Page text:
Dynamics of water, ions and polymers in nanopores

Nanometre-size pores in cell membranes have been a strong focus of research in biological physics, because of their fundamental importance to biology as well as their potential technological applications. Our research is aimed at understanding how the transport of water, ions and polymers affects the function of biological and technological membrane channels. Water and ion transport is essential for maintaining the salt balance and osmotic pressure in biological cells and the transmission of nerve impulses, whereas the translocation of a polymer through a pore is important in the context of biological processes such as the transport of RNA through a nuclear membrane pore and DNA injection by viruses.

Tension due to double layer stress

Ion channel gating, which is of crucial importance to all living organisms, relies on the appearance of open and closed conformational states of the channel protein. In large aqueous pores, an essential component of the forces acting on the channel wall that lead to gating is the stress caused by the water and ions inside the channel.

We show how a two-state system emerges from these diffusio-osmotic forces in a simplified model of a bacterial mechanosensitive ion channel. Mechanosensitive ion channels open large pores in the cell membrane to relieve the increase in osmotic pressure inside a microbe resulting from exposure to a rapidly decreasing salt concentration (hypotonic shock). Despite their very fundamental physiological role, a physical understanding of the two-state gating kinetics of these ion channels has remained elusive so far. Using a model based on experimental crystal structures, we reveal the underlying physics of the channel's complex biological function, showing that its two-state gating kinetics are fully reproduced within a structure consisting of only a charged vestibule and a hydrophobic constriction. Because these elements are shared features of many different ion channels, our proposed mechanism to produce a two-state gating system is likely to be important for a broad range of ion channels.

Group members involved: D. J. Bonthuis and R. Golestanian

Noise in nanopore experiments

Experimental measurements of ionic currents and water flows through nanometre-sized channels are inherently troubled by high levels of noise. In many different nanopore systems, the noise spectrum exhibits a power-law behaviour at low frequencies, the origin of which has been a mystery for many decades. Apart from being a nuisance, however, the noise spectrum can be used to study important characteristics of the nanopore if the particularities of the spectrum can be linked to the physical properties of the nanopore, such as the geometry, the flexibility of the pore wall, or the surface charge density.

We study the origin of the power-law noise spectrum in model nanopores using Brownian dynamics simulations, with the aim to extract information from the noise about the structural properties of the nanopore, as well as the dynamics of the ions inside.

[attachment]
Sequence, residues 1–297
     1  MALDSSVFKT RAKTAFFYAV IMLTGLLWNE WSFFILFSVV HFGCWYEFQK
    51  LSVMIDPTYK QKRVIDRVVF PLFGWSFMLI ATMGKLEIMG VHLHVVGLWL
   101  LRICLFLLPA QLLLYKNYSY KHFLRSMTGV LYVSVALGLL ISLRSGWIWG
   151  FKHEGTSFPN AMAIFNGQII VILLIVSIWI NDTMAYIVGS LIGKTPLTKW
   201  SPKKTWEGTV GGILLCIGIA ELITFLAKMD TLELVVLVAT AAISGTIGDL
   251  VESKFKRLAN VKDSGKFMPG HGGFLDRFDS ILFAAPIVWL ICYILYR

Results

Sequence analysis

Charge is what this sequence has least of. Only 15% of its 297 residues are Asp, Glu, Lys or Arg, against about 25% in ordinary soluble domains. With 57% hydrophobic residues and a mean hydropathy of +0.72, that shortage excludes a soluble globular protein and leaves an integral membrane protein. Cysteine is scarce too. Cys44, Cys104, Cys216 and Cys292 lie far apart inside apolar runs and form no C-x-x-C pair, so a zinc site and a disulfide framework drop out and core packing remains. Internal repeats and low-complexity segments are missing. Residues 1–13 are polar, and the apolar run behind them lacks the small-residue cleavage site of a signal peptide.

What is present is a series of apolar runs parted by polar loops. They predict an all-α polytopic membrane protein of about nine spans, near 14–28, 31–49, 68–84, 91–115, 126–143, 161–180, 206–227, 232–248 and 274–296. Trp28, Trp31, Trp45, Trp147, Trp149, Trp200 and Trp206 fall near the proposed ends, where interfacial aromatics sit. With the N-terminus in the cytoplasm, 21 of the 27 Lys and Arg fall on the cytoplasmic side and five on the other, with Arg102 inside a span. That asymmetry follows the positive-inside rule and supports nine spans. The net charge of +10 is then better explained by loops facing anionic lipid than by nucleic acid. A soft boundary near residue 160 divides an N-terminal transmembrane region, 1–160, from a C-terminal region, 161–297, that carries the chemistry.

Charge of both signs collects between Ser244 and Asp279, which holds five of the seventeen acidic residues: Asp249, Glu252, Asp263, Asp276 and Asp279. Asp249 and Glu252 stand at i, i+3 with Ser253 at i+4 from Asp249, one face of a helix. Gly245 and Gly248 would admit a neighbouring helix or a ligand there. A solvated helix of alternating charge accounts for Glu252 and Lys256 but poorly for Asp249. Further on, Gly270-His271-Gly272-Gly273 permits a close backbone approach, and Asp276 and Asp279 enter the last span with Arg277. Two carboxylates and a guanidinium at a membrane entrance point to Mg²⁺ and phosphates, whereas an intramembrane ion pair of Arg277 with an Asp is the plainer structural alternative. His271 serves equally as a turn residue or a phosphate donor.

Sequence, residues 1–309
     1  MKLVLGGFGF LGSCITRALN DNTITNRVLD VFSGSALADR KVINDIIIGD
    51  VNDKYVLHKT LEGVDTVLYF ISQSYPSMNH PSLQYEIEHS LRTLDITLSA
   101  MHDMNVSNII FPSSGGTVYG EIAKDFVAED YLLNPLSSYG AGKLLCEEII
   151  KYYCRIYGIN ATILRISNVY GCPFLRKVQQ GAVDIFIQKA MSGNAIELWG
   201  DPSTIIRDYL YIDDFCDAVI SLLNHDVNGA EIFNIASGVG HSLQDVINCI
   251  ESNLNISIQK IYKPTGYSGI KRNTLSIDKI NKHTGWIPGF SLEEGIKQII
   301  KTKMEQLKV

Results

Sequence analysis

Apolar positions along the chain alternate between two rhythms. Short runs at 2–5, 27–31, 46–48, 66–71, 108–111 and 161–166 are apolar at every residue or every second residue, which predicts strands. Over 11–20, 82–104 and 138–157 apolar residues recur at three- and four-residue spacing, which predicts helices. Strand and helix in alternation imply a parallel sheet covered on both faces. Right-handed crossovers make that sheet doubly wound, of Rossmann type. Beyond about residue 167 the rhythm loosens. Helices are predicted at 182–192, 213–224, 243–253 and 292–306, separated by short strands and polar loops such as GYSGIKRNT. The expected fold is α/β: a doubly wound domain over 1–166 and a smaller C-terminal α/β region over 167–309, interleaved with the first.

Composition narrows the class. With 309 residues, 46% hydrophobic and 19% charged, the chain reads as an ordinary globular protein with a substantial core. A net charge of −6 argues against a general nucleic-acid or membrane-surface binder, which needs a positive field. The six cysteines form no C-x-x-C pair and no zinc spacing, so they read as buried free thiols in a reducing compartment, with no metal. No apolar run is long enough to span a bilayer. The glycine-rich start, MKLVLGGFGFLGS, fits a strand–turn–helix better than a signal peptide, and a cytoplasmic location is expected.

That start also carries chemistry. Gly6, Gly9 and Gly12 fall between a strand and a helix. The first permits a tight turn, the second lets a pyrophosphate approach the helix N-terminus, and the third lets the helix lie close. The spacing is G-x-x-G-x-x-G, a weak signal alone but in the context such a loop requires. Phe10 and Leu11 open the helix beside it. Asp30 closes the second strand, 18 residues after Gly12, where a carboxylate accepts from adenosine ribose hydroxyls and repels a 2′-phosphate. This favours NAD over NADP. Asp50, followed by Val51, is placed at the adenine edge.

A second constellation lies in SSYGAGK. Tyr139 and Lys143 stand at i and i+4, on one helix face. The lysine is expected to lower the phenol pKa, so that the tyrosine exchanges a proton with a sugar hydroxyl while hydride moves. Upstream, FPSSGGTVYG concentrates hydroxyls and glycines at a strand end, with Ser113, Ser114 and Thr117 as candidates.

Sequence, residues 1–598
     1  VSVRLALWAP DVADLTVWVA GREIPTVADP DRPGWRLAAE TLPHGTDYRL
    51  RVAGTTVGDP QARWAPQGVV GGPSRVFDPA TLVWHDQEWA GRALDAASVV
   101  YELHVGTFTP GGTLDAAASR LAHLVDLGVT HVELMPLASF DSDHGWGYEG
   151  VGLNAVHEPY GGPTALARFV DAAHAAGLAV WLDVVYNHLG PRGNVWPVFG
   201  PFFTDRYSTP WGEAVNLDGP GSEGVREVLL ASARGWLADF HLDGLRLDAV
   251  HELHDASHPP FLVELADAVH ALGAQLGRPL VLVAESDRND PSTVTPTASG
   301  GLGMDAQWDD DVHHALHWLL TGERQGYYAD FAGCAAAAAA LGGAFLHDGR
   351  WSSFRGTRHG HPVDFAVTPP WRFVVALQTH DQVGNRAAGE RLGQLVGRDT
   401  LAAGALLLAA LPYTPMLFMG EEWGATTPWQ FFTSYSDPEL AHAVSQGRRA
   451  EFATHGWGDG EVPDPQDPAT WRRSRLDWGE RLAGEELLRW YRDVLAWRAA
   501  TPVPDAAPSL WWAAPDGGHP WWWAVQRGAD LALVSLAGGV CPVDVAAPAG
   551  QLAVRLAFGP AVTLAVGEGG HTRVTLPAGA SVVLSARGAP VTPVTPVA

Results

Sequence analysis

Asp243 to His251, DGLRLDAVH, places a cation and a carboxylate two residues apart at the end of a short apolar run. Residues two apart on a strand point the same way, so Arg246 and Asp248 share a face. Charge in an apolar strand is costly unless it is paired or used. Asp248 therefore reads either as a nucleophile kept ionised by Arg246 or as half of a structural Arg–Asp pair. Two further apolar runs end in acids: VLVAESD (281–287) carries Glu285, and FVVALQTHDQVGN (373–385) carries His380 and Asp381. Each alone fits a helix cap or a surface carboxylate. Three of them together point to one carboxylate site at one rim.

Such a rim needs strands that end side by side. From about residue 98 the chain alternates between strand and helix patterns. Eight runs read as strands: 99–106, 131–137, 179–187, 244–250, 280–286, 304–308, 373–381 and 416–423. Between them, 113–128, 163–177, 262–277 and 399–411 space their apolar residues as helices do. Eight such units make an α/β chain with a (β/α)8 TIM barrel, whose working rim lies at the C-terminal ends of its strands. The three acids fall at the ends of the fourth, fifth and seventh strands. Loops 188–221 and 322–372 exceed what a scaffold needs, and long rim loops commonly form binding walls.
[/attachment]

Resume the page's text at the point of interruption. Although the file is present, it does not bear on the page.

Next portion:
Group members involved: D. J. Bonthuis, M. Zorkot and R. Golestanian

Polymer transport through oscillating pores

Under sinusoidal oscillations of the pore the frequency response of the gain in translocation time, as compared to a static pore with a width equal to the average of the oscillation, shows some interesting features.

The translocation of a polymer through a pore is important in the context of many biological processes such as the transport of RNA through a nuclear membrane pore and the injection of viruses. Most theoretical studies consider the pore as static with the polymer always experiencing a constant confinement during its translocation from the cis to the trans side. However, there are a number of biological examples, such as the twin-pore translocase complex in the inner membrane of mitochondria and the nuclear pore complex, where it is known that the width of the channel is effectively changing during the course of translocation. Inspired by these examples, we set out to study the effect of such temporal modulations on the efficiency of polymer translocation.

We use a coarse-grained model to study translocation of a polymer through a narrow channel with a width that oscillates with a given frequency. We find that the translocation can be significantly enhanced when compared to a static pore that has a width equal to the mean width of the oscillating pore. The gain in translocation exhibits a strong dependence on the stickiness of the pore. Although the translocation time itself is sensitive to the initial condition, the high frequency behaviour of the gain is insensitive to it. This robust high frequency behaviour of the system has remarkable implications. It suggest that even stochastic flickering of the pore will result in a steady average translocation with a gain that can be tuned via the driving force across the channel and the stickiness of the pore, as long as the time period of oscillation is orders of magnitude greater than the translocation time. Moreover, since the translocation rate for such random flickering pores is extremely sensitive to the stickiness of the pore, this brings about the possibility of a high degree of robust selectivity in the translocation process.